This year, the filing deadline has been moved from April 15th to May 17th. Even so, the busiest financial season of the year is upon us, and the deadline to file personal income taxes is just weeks away. With millions of Americans rushing to file a return, it is perhaps not surprising that some people miss the filing date. What happens if May 17th has come and gone, and you’ve missed the deadline?
Before You Are Late
If at all possible, it’s important to try and do what you can to avoid missing the tax filing date. You can schedule an appointment with a tax professional well in advance of the filing deadline – and you’ll need to plan ahead. However, if you’re still waiting on your tax documents or you have other obstacles that will prevent you from hitting the deadline, there is one thing that you can do in advance to avoid being penalized.
If you know that you will not be able to file your return by the tax filing deadline, you can request an extension to file before May 17th. This way, you’ll avoid IRS penalties for not filing and will receive a six-month extension to submit your return. If you owe taxes, remember that an extension to file does not grant you an extension to pay. If you request an extension without paying the full amount of taxes due by your new due date, you’ll receive a late filing penalty. However, late filing penalties and interest on a small portion of your tax bill are still preferable to failure-to-file penalties.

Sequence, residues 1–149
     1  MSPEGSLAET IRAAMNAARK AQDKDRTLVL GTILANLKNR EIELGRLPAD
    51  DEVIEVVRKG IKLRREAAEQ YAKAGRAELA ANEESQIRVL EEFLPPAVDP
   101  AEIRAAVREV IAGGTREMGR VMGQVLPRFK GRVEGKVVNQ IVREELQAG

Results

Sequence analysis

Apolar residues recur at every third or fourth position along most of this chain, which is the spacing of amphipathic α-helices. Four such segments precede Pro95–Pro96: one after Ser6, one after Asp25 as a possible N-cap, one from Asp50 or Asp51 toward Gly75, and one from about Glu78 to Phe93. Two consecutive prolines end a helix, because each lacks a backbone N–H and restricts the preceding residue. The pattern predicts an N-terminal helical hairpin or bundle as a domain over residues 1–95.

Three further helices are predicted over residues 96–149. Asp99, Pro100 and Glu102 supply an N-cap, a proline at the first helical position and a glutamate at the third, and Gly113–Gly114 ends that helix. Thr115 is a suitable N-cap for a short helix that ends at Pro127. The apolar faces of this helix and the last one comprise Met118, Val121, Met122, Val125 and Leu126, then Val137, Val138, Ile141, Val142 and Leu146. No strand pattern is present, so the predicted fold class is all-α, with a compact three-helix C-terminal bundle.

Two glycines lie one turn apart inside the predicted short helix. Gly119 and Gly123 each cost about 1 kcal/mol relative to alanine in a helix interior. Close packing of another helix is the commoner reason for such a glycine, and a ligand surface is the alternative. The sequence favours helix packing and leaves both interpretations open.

When You Miss the Filing Deadline
If you are owed a tax refund by the government and miss the filing deadline, there is no penalty. The government will continue to hold your refund for up to three years or until you file your taxes. However, certain tax credits may expire, especially those that exist to help you pay your insurance, so filing your tax documents ASAP is ideal to ensure you receive your credits.
If you owe taxes and miss the May 17th deadline, you may no longer file an extension. Instead, you’ll receive a failure to file penalty as well as a failure to pay penalty that amounts to 5% (4.5% in late filing and .5% in late payment) of your taxes owed. The IRS will assess this penalty once for each month your tax filing and payment are late, up to 25% of your total tax bill. Failure to file penalties max out at five months past the filing date ($435 or 100% of the unpaid tax, whichever is smaller). However, you’ll continue to accrue charges for failure to pay, up to 22.5%. In total, you’ll owe an additional 47.5% of your tax bill if you don’t file within five months.
What Should You Do if You Miss the Tax Deadline?
If you miss the tax deadline for reasons like military combat deployment, overseas duty, civilian support personnel in combat zones, or you are a disaster victim, you may be able to request a penalty waiver from the IRS to avoid paying penalties. Similarly, if you have a three-year history of paying your taxes on time, you may qualify for a first-time penalty abatement. However, you’ll still need to pay interest. If these situations apply to you, contact the IRS via the phone number on your penalty and interest notice, or visit the IRS administrative penalty relief page.
Regardless of the reason you missed the deadline, it is important to file your taxes as soon as possible and to pay as much of your tax bill as you can. The IRS provides a variety of payment options, and doing so will reduce your interest owed and minimize additional penalties. Schedule an appointment with a tax professional at Western Shamrock to ensure you have considered all circumstances surrounding your situation and meet all necessary deadlines to avoid further penalties and interest.